Olfactory communications is very common in the animal world (even humans engage in it... albeit it, not as strongly as our sense of smell is one of our least developed senses... we still use it for a lot of important instinctual reactions). In fact, it's one of the primary communication methods used by many social insects. Ants, for example, use scent markers to follow trails to sources of food. As they return, the markers become stonger, attracting more ants to the food. Flowering plants use scents to attract pollinators to their pretty flowers... lean in for a sniff or a drink of that sweet, sweet nector, come away with a body covered in pollen... go to another flower and do the same... and pollen touches the stamen and boom... that's how fruit is made (it's the birds and the bees!).
Other animals use scent markers, often as a form of messaging systems. Canines (especially males) often encode scent markers into their urine, leaving a message for other dogs to find later that and pick up and recieve the message. This becomes more frequent of the dog is in a new area and male dogs will often mark areas even if they have empty bladders.
Even among humans, we have some strong involuntary reactions to certain scents... but it's often used to enhance taste... and since we evolved from foraging omnivores, developing a refined sense of taste helps us to understand what's good to eat and what needs to be avoided... That thing that smells sweet? That's good you can eat that (it has sugar, which tastes sweet and has ALOT of energy to make a body go). Bitter? Leave it behind... it's icky (Because most alkaline metals taste bitter and all alkaline metals are poisonous to humans... and among the worst poisons too, as hard metals can't be processed by the body meaning they stay in you for life and the build up will kill.). Spicy? Also poisonous... but you can eat small amounts (Most sources of spicy food are biochemicals used by plants as poisons to fend off animals from eating them. Unfortunately, being evolved from foraging omnivores means humans have some pretty tough digestive systems that can break down poisons... not only does spicy biochemicals don't work on us, we've actually forced some plants to get even spicier... so we can eat them. Spicy foods also will cause us to activate our sweat glands in response... which cools us off.).
One of the most consistent ways we communicate using smells... is one of the most disgusting things we do... and there's a good reason for why it's so disgusting... and why the smell is so potent. The smell of vomit is one of the most potent smells to a human being and is so terrible, it will cause those who smell it to almost vomit themselves... but this is actually a good evolutionary reason for this. As a social animal that lived in large groups of omnivores, sometimes the hunters/gathers brought back something that they shouldn't have... and they eat it... and their body tells them that was a bad idea and get it out the fastest way possible. The poor fella "tosses his lunch" but he brought that rancided ick home for everyone to eat... and now the whole tribe is about to eat it... best signal them to not do it by sharing in the pain... some might have... others might not... but let's make sure we don't kill the whole tribe... hence "vomit" is one of the worst smells for a human to experience... better to starve and eat something good for you later, than to foodie around and find out.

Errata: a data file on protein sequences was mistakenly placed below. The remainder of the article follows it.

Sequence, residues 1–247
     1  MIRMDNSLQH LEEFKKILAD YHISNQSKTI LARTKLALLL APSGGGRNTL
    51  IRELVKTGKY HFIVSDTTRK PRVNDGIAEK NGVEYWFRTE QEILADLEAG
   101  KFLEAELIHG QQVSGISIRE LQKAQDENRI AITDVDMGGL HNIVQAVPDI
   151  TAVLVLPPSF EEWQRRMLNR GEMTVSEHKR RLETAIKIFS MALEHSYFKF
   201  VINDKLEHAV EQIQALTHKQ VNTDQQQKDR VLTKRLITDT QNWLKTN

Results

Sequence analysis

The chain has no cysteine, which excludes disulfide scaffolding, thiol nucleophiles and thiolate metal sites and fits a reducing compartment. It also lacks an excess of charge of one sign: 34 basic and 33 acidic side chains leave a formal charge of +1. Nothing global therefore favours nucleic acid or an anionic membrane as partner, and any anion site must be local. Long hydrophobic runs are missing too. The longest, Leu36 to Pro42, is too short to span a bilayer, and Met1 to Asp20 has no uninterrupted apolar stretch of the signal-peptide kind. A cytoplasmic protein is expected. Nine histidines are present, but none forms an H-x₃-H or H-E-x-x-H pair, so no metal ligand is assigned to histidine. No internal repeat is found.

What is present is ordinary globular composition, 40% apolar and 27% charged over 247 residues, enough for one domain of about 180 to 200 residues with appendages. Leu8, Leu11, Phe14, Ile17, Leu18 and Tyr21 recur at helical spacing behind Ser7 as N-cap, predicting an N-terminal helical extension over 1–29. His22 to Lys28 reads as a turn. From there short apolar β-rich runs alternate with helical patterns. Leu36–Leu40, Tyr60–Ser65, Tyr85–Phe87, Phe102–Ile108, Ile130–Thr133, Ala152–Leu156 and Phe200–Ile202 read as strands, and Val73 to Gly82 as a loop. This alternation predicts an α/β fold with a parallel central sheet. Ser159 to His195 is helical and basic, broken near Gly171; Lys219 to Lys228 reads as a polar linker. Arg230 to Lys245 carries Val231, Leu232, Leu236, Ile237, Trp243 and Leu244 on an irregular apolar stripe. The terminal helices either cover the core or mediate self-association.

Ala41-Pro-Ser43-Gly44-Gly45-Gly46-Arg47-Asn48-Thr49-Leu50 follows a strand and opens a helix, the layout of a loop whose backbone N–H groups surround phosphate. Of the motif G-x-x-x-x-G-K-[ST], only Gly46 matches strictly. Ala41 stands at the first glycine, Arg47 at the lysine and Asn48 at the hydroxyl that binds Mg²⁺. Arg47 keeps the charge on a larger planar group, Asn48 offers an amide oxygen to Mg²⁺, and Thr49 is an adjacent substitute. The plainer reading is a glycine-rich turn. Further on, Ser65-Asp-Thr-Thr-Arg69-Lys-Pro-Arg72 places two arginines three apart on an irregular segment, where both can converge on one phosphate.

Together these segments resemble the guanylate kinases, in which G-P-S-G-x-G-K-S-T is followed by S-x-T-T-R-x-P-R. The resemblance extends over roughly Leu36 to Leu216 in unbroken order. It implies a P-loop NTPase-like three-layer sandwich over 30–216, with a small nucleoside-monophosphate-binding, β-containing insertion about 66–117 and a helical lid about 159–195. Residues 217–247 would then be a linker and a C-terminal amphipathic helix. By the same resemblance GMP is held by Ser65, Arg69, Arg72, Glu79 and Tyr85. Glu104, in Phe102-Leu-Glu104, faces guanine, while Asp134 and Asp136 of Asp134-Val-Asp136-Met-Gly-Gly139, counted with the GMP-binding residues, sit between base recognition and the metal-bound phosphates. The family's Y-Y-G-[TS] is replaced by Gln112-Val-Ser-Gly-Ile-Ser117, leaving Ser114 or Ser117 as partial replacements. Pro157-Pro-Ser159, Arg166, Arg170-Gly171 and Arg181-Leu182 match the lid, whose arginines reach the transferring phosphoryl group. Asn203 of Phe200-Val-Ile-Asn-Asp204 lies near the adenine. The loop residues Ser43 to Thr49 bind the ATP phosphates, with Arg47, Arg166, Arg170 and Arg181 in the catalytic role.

That all said, most instinctive behavior is learned by species with high intelligence (especially mammals... babies needing milk means at least one parent is there to teach her kid how to be... whatever they are.). Mom teaches the kid how to find food without her around... kid gets the training they need to survive and by the time mom kicks them out, mom has hopefully trained them enough to fend for themselves (sometimes dad helps too. We may joke about Tiger Mom sterotypes, but real Tiger fathers are known to be so protective of their kids, they will kill cubs that don't belong to them to give their kids an edge... then kick them out of the house when they start getting old enough to have their own babies.).
Scent plays an important role because finding food is usually done by tracking a scent (Humans actually didn't evolve this... but we were so good at finding food through other means, we didn't need it and ended up in a sybiotic relationship with the one animal that could hope to keep up with us... the dog is man's best friend because we use similar hunting tactics to them and they have skills we lack and vice versa. Dogs have better sniffers, we have better eyesight, communication skills, and endurance.).